Another installment from my The Best of the Web Today (James Taranto, link on right) column archives.
22 February 2005
“When Austin High School administrators removed candy from campus vending machines last year, the move was hailed as a step toward fighting obesity,” reports the Austin American-Statesman. Instead, the enterprising students created a black market in sweets:
The candy removal plan, according to students at Austin High, was thwarted by classmates who created an underground candy market, turning the hallways of the high school into Willy-Wonka-meets-Casablanca.
Soon after candy was removed from vending machines, enterprising students armed with gym bags full of M&M’s, Skittles, Snickers and Twix became roving vendors, serving classmates in need of an in-school sugar fix. Regular-size candy bars like the ones sold in vending machines routinely sold in the halls for $1.50.
“There was no sugar in the vending machines, so (student vendors) could make a lot of money,” said Hayden Starkey, an Austin High junior who said he was not one of the candy sellers. “I heard kids were making $200 a week just selling candy.”
In response, the school has restored some candy to the vending machines by declaring it nutritious: “According to the state, milk chocolate, for example, meets minimal nutritional standards because it does have milk in it. Candy with peanuts contains protein. The vending machines still don’t carry Starburst, Skittles and other so-called pure sugar products.”
27 February 2002
Perhaps Because They Usually Don’t Die at the Same Time?
“Why Spouses Often Die One After Other”–headline, Arizona Republic
3 January 2005
This Just In: Tidal Wave Risk Low in Inland Deserts
“No Tsunami Danger From Local Fault”–headline, Desert Sun (Palm Springs, Calif.)
23 March 2005
They’re Called ‘Stars’
“Light Spotted From Beyond Solar System”–headline, Associated Press
24 March 2005
Great Moments in Public Education
“A Bronx teacher who repeatedly flunked his state certification exam paid a formerly homeless man with a developmental disorder $2 to take the test for him,” New York’s Daily News reports:
The illegal stand-in–who looks nothing like teacher Wayne Brightly–not only passed the high-stakes test, he scored so much better than the teacher had previously that the state knew something was wrong, officials said. . . .
Brightly, 38, a teacher at one of the city’s worst schools, Middle School 142, allegedly concocted the plot to swap identities with Leitner last summer. If he failed the state exam again, Brightly risked losing his $59,000-a-year job.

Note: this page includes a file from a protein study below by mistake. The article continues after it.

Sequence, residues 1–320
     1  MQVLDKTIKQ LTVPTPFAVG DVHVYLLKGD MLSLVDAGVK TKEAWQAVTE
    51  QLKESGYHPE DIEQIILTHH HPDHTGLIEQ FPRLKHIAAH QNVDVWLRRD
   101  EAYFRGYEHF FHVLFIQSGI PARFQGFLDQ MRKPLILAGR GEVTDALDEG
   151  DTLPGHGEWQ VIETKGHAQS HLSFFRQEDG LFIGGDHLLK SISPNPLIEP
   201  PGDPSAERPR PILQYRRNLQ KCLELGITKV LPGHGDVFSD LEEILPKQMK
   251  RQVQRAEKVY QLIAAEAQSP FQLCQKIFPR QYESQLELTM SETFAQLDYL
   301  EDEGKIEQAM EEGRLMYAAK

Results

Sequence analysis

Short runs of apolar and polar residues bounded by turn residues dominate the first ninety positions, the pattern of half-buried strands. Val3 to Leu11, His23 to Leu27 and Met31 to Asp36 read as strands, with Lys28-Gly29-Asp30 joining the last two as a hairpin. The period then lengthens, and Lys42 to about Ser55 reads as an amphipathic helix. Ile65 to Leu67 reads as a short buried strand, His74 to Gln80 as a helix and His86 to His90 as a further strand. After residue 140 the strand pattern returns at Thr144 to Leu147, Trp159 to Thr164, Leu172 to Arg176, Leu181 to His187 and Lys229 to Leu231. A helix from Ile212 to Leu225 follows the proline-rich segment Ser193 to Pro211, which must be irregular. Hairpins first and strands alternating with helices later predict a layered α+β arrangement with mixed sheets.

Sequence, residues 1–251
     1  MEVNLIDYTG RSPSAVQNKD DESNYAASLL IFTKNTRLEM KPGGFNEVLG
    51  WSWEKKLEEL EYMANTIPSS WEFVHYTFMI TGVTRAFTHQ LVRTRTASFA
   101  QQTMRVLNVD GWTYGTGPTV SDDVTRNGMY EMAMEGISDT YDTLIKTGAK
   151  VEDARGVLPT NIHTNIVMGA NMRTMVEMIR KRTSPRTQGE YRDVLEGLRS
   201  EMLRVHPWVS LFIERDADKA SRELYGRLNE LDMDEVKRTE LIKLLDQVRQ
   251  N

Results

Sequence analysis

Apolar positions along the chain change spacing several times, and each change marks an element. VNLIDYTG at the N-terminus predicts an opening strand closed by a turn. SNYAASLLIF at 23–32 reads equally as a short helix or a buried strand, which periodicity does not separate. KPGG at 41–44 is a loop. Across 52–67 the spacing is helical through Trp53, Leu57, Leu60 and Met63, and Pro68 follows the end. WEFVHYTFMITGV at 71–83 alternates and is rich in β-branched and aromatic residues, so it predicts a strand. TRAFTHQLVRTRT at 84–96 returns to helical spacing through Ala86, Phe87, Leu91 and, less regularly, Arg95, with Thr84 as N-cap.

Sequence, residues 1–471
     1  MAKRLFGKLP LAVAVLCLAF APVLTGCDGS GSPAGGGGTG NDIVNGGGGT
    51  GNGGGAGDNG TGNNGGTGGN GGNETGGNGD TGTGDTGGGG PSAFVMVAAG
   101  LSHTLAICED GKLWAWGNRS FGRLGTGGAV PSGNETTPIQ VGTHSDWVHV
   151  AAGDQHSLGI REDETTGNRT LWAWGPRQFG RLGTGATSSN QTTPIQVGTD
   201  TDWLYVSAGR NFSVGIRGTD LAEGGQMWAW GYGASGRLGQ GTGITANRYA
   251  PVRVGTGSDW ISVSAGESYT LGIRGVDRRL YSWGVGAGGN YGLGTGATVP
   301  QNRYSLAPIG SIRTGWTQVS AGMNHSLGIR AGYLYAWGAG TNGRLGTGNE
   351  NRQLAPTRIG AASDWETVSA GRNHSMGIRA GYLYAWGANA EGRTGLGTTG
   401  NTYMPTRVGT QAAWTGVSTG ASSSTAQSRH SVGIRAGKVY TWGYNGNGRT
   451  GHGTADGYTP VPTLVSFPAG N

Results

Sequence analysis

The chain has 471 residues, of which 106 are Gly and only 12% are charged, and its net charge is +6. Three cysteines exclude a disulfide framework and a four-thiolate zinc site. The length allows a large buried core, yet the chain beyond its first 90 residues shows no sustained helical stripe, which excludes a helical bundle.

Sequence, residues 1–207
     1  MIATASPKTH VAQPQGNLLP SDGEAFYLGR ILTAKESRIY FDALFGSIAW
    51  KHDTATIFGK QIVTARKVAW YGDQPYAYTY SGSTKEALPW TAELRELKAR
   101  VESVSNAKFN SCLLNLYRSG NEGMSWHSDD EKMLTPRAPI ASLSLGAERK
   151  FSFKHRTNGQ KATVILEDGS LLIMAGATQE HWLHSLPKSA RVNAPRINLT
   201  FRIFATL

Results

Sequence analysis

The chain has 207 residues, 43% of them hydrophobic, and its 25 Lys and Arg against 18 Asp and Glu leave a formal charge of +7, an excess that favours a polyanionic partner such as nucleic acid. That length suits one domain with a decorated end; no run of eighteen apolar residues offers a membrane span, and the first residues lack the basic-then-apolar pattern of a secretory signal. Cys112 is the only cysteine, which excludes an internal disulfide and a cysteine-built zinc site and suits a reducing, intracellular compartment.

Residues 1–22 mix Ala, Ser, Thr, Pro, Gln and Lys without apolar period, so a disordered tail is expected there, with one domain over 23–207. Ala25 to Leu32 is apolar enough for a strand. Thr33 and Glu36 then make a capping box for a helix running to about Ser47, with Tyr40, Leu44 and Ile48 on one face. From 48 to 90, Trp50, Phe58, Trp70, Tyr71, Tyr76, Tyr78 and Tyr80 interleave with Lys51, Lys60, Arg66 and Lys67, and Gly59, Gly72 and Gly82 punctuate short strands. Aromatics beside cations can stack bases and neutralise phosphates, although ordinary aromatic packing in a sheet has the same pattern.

The News notes that the test has a 95% pass rate, which makes the inaptly named Brightly’s repeated flunking–and the school system’s failure to fire him long ago for incompetence–all the more appalling.
That’s a Relief
“Re-Opened Death Ride ‘Is Safe’ “–headline, BBC Web site
3 February 2009
Sinkers Die Rather Quickly
“Study Says Swimmers Live Longer”–headline, Colorado Springs (Colo.) Business Journal
13 January 2010
History’s Most Devastating Naval Attack
“Satellite Radio Service Hits a Million Subs”–headline, MediacasterMagazine.com
That’s What We Call a Small Business
“Building Code Company Comes Under Microscope”–headline, Paris (Texas) News
Since When Is It a Crime to Turn Up in Chicago?
“Woman Turns Up in Chicago; Police Investigate”–headline, St. Louis Post-Dispatch
Fun With Comments
One of the websites I regularly visit is the eponymous site TopTenz.net. In a recent post, Top Ten Reasons Why People Hate Top 10 Lists, under reason #8 the author wrote:
“This annoys the fastidious reader (the same readers who will leave a stern comment if your prone to making common spelling or grammatical errs).”
It did not escape me that the grammatical and spelling errors may have been intentional, but I couldn’t resist, so I replied in the comment section:
“Like those two?”
This earned a somewhat snippy response from the author:
“I was hoping readers would understand that it wasn’t just coincidence that I made two annoying errors in the very same sentence that refers to errors. However, I also take full responsibility for any unintentional spelling or grammatical errors in the rest of the text if anyone sees any – my lists don’t go past an editor and I am human.”
The offending sentence has since been re-written to conform to standard English practice, but, you know, it’s possible to take irony too far.